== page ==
That definitely was the case one recent Saturday, when Kiwibot Operations Coordinator Sergio Mosquera brought the first Kiwibot to campus. He had come straight from Colombia — the country, and Kiwibot headquarters — to begin mapping the UND campus.
“I am happy to have this experience,” said Mosquera, dressed in a thin winter jacket, a Kiwibot baseball-style cap and fingerless gloves. “In my country, winter does not exist, so this is all new for me.”
And if the cheerful Kiwibot No. 4B004 could say more than “hello” and “thank you,” she would have told us “so far, so good” on maneuvering through the small snowdrifts on the sidewalks.
“(The Kiwibot) fits perfectly with this campus,” Mosquera said. “I witnessed how well it managed. The snow will not be a problem.”
Out of the gate
Rosaasen said the robotic rovers will be launched first out of the UND Memorial Union, delivering food prepped at the different restaurants there. Once they have the system down pat, he hopes to introduce them to the Wilkerson Dining Center.
“That’s my thought process,” he said. “Residence hall students are going to love them. I mean, it’s not bad, but the main dining complex is located a ways from the core of campus. If you’re on the other end, you have to walk or scooter back to eat.
“Well, now if you’re over (at the library), you might think, ‘Hey, why don’t I just use my meal plan to deliver my dinner here?’”
He’s sure busy faculty and staff will enjoy the extra convenience, too.
“For years, I’ve heard requests or comments from administrators as they’re getting their Jimmy John’s … ‘Well, I’d get lunch from you if you had delivery.’”
Working late? Have a small meeting and want to order in? No problem. A rover can deliver it hot and ready in under 20 minutes — and you don’t even have to tip the driver.
The way Kiwibot makes its money is through a small delivery charge, Rosaasen said. The company hires and pays its own employees to maintain the rovers, as well as corral and recharge them overnight at an existing storage site.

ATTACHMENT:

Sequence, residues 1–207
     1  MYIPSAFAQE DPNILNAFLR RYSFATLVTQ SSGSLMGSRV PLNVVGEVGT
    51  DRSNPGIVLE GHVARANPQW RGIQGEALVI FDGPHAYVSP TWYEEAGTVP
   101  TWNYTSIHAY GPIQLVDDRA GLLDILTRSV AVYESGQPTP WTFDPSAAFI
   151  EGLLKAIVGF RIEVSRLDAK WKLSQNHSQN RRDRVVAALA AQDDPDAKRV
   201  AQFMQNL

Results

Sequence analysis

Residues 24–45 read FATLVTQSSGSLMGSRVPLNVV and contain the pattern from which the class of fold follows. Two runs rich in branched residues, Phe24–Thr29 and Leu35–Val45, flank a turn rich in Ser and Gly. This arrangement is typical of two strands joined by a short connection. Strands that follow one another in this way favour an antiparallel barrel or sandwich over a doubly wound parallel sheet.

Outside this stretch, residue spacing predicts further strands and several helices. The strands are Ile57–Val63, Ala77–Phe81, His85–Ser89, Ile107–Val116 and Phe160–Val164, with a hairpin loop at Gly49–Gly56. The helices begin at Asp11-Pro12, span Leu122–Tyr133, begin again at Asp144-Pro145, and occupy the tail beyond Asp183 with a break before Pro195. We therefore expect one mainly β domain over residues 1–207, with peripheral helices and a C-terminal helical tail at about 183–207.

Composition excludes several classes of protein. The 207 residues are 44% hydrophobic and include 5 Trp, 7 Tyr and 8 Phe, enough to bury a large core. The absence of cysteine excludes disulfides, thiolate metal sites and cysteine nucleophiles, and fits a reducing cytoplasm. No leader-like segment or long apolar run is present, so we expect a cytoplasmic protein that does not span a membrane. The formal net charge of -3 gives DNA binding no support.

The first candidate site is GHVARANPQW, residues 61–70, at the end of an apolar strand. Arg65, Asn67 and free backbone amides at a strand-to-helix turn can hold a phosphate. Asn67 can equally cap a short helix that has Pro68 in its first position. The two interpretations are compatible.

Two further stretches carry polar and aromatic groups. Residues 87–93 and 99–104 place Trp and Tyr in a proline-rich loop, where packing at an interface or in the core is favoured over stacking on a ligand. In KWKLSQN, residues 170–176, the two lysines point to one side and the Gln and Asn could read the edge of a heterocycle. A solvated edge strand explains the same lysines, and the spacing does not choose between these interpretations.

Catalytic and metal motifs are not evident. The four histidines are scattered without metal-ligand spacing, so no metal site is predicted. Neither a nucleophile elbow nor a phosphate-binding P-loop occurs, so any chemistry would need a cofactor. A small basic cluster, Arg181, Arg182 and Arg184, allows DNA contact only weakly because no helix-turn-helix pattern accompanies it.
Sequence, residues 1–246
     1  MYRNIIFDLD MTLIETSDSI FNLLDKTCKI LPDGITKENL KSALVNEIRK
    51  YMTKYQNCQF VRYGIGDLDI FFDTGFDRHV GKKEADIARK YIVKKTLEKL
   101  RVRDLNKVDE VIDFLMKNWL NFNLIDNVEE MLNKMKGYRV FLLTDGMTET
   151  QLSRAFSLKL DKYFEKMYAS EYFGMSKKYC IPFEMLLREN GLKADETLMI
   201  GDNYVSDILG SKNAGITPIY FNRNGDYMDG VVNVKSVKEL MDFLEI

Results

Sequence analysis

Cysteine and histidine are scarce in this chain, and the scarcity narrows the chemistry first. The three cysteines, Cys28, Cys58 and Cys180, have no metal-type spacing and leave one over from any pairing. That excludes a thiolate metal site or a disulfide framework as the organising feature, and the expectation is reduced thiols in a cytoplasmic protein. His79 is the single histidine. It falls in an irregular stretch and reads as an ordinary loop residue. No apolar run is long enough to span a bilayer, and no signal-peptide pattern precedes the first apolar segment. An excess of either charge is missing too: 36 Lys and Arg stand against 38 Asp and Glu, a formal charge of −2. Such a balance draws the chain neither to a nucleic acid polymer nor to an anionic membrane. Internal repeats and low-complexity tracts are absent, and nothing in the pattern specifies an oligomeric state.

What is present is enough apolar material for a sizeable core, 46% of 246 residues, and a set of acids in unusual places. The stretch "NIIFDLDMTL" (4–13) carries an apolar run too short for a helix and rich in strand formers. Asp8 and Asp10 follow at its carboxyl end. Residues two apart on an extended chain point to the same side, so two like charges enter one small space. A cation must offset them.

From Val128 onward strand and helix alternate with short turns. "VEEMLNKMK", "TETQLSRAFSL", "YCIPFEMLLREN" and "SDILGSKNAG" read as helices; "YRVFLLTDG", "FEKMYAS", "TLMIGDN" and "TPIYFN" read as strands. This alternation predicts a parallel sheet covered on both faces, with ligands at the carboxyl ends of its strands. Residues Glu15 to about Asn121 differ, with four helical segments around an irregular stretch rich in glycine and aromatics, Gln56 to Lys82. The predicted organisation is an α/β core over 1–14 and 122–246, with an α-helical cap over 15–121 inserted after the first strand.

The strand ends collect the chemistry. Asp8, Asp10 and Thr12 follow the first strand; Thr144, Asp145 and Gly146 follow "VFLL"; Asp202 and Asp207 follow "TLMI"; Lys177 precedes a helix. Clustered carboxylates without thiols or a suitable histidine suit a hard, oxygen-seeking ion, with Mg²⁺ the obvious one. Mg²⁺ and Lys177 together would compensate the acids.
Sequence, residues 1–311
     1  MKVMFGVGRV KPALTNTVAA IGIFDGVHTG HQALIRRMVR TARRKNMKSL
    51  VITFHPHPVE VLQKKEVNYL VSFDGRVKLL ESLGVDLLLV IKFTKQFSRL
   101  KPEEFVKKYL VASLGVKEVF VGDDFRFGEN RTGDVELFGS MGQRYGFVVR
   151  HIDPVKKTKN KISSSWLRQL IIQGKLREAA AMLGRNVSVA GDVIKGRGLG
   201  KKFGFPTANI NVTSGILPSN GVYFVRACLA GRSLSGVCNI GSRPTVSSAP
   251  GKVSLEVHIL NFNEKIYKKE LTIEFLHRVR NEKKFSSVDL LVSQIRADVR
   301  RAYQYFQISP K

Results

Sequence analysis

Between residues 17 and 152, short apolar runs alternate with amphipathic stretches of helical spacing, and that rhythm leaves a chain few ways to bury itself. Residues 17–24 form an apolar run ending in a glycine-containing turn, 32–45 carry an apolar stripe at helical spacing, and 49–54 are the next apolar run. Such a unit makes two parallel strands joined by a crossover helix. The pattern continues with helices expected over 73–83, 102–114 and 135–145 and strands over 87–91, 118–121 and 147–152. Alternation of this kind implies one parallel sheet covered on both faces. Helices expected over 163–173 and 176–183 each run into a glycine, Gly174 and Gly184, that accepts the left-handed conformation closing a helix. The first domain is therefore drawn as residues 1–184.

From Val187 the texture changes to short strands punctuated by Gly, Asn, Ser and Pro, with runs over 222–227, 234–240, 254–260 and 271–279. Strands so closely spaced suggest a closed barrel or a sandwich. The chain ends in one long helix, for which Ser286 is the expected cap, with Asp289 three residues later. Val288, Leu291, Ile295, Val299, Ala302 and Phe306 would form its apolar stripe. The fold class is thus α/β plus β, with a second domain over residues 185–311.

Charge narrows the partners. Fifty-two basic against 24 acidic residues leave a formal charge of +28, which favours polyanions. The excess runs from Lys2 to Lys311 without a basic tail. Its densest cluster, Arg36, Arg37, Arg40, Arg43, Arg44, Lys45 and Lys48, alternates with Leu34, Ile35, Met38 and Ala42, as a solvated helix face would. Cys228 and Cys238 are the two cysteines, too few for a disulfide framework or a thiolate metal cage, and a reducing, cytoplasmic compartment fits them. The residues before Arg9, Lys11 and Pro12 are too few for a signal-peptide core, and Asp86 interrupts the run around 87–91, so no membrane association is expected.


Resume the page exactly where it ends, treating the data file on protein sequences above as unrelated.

With very little overhead, the high-tech service also gives UND Dining Services all sorts of new opportunities to expand its food sales on campus. For example, the Memorial Union’s pizza venue now closes at 2:30 p.m., Rosaasen said, because it’s just not feasible to hire staff to prepare fresh pizza one slice at a time after the lunch rush.
“I could see us selling whole pizzas into the evening with these robots,” he said. “It creates some new opportunities for business, and maybe we could keep some of those sales on campus.”
You wonder: “Well, what about my light-ice, grande, nonfat caramel macchiato?” We thought you’d ask, but you’ll have to stay tuned. Rosaasen says negotiations are still percolating on that one.
What else is new …
UND Dining Services already has launched a couple of other popular new concepts this year, Rosaasen noted.
For example, self-checkout micromarkets now are available in the UND School of Medicine & Health Sciences and at the UND Flight Operations Center at Grand Forks International Airport.
So far, sales have been strong, he said. Customers can choose from a number of salty or sweet snacks, as well as fresh sandwiches and salads.
“It’s not like that regular convenience store food,” Rosaasen said. “It’s homemade and super fresh. We stock the coolers twice a week.”
Too cozy to leave your fireside perch to even open the library door to grab a rover order? Well, Rosaasen says, you also can tap into the new fresh-food vending machines on the first floor.